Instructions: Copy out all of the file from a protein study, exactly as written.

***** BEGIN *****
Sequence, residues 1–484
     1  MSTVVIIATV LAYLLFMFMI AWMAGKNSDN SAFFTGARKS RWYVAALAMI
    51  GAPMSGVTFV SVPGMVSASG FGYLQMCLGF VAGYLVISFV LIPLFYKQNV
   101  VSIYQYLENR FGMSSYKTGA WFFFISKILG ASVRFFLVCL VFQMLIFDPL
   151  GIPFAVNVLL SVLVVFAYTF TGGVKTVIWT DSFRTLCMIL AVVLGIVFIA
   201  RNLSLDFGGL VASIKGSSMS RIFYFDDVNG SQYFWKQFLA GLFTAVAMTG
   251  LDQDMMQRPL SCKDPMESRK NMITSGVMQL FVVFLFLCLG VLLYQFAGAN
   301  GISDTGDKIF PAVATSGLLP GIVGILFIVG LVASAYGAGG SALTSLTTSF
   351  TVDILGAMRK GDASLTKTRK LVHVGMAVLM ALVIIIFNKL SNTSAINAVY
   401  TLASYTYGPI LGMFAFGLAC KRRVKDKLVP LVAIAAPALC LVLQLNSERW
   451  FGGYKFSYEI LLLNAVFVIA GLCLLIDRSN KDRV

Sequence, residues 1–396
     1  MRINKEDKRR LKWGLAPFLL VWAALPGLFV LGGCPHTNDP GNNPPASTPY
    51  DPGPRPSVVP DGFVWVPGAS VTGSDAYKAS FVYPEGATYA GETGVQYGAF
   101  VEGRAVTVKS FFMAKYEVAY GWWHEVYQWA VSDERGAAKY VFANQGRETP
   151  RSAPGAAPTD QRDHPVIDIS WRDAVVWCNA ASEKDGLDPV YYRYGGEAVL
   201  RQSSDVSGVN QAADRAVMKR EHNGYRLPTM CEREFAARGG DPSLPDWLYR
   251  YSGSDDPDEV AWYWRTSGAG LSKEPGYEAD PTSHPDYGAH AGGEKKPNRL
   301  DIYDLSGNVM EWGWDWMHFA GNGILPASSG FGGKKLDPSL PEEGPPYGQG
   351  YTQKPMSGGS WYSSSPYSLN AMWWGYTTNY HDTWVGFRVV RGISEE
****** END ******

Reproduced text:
Sequence, residues 1–484
     1  MSTVVIIATV LAYLLFMFMI AWMAGKNSDN SAFFTGARKS RWYVAALAMI
    51  GAPMSGVTFV SVPGMVSASG FGYLQMCLGF VAGYLVISFV LIPLFYKQNV
   101  VSIYQYLENR FGMSSYKTGA WFFFISKILG ASVRFFLVCL VFQMLIFDPL
   151  GIPFAVNVLL SVLVVFAYTF TGGVKTVIWT DSFRTLCMIL AVVLGIVFIA
   201  RNLSLDFGGL VASIKGSSMS RIFYFDDVNG SQYFWKQFLA GLFTAVAMTG
   251  LDQDMMQRPL SCKDPMESRK NMITSGVMQL FVVFLFLCLG VLLYQFAGAN
   301  GISDTGDKIF PAVATSGLLP GIVGILFIVG LVASAYGAGG SALTSLTTSF
   351  TVDILGAMRK GDASLTKTRK LVHVGMAVLM ALVIIIFNKL SNTSAINAVY
   401  TLASYTYGPI LGMFAFGLAC KRRVKDKLVP LVAIAAPALC LVLQLNSERW
   451  FGGYKFSYEI LLLNAVFVIA GLCLLIDRSN KDRV

Sequence, residues 1–396
     1  MRINKEDKRR LKWGLAPFLL VWAALPGLFV LGGCPHTNDP GNNPPASTPY
    51  DPGPRPSVVP DGFVWVPGAS VTGSDAYKAS FVYPEGATYA GETGVQYGAF
   101  VEGRAVTVKS FFMAKYEVAY GWWHEVYQWA VSDERGAAKY VFANQGRETP
   151  RSAPGAAPTD QRDHPVIDIS WRDAVVWCNA ASEKDGLDPV YYRYGGEAVL
   201  RQSSDVSGVN QAADRAVMKR EHNGYRLPTM CEREFAARGG DPSLPDWLYR
   251  YSGSDDPDEV AWYWRTSGAG LSKEPGYEAD PTSHPDYGAH AGGEKKPNRL
   301  DIYDLSGNVM EWGWDWMHFA GNGILPASSG FGGKKLDPSL PEEGPPYGQG
   351  YTQKPMSGGS WYSSSPYSLN AMWWGYTTNY HDTWVGFRVV RGISEE